How far home prices have rebounded from the bottom of the crisis & addressing the claim that SFL real-estate is overvalued:
Bottom Line: Remember the bottom of the housing crisis when it looked like you'd never be above water on your mortgage again? Times have dramatically changed with fewer than 1 in 10 mortgage holders still finding themselves under water on their mortgages. What's more is how impressive the overall recovery has truly been. According to the latest from Corelogic...
- The average home is worth nearly 50% more than the bottom!
- Inventory is at is lowest level in 30 years (making it a raging sellers market in much of the county & SFL) but...
- The Miami metro is now considered "overvalued" once again by traditional "affordability" metrics
Nationally Corelogic says that home prices have appreciated by 5.2% year over year. With the average annual real-estate return being about 4%, we're still seeing above average real-estate appreciation which has been the case consistently since the recovery began in January 2012. It's pretty clear that the prices continue to be driven to above average levels because of a shortage of inventory generally. In South Florida we're continuing to see these trends:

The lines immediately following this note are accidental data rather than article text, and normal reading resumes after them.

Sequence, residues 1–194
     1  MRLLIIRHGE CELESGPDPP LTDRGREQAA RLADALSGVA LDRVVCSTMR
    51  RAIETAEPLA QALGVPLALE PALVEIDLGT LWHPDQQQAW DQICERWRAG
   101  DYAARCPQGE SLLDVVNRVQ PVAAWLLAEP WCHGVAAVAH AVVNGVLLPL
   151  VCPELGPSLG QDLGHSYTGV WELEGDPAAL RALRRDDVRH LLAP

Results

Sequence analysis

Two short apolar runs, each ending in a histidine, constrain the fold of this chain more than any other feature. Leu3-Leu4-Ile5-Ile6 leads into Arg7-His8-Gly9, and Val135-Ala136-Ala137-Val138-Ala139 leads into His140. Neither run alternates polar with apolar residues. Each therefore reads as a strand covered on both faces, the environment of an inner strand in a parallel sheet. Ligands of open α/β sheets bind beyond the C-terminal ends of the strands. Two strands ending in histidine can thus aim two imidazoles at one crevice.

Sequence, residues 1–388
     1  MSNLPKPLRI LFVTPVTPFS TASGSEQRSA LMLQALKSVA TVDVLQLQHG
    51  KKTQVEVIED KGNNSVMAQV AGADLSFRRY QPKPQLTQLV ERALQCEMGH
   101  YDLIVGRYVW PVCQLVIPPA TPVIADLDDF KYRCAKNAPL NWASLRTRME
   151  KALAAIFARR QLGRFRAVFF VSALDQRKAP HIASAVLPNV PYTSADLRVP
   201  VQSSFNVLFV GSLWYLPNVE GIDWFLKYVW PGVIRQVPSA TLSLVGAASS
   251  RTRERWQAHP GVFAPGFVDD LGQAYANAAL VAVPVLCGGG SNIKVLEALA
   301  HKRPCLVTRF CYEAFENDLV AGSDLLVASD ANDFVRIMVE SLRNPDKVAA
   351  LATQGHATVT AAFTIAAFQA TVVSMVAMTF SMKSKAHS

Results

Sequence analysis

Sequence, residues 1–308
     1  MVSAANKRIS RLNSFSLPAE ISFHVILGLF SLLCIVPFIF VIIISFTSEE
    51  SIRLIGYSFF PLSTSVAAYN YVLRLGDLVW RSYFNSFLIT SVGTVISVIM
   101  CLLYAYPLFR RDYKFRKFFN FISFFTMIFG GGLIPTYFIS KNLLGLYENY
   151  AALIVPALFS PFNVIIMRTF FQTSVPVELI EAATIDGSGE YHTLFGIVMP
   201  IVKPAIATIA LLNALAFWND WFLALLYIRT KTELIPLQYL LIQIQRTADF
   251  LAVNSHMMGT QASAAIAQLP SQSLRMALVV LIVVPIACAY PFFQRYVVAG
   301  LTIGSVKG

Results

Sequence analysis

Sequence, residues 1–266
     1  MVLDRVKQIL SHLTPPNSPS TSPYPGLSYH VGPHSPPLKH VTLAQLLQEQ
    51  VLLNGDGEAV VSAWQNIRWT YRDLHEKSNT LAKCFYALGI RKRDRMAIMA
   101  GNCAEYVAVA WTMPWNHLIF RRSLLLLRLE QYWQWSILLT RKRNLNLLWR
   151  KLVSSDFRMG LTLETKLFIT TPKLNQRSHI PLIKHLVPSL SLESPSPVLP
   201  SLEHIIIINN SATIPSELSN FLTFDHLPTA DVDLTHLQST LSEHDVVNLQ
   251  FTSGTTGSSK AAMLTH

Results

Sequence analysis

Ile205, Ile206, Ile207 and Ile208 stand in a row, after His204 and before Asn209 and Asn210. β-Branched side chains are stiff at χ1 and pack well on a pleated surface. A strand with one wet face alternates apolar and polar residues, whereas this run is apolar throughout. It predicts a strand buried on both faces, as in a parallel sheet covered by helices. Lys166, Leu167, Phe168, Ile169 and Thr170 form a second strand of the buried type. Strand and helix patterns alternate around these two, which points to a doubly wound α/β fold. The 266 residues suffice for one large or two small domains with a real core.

- Single family homes under $500k are generally red hot
- Luxury homes over $700K are considerably slower to move
And then there's Corelogic's assertion that Miami's housing market is overvalued by just over 10% based on long term sustainability/affordability metrics. While there certainly is a limit to what can reasonably sustained over the long run - that's not at all what I'm generally seeing in SFL right now. South Florida's generic housing numbers are always skewed to a certain extent due to the disproportionate demand for 2nd, vacation and super luxury homes. The true value metric that's always held is this...is it cheaper to buy and make a mortgage payment on that same property or is it cheaper to rent?
If it's cheaper to rent, that's historically indicated a housing market that's fully or potentially overvalued based on current conditions. If it's cheaper to make the mortgage payment - the market - at least as it pertains to what you're looking at, isn't overvalued. Everyone has to live somewhere, so if rent rates are more expensive than mortgages there's room to grow. In fact every time historically we've had cheaper mortgage rates than rent payments, we've had above average market returns just as we do now. It's also how I was able to ID that the turn in the housing market would be January of 2012 (in late 2011).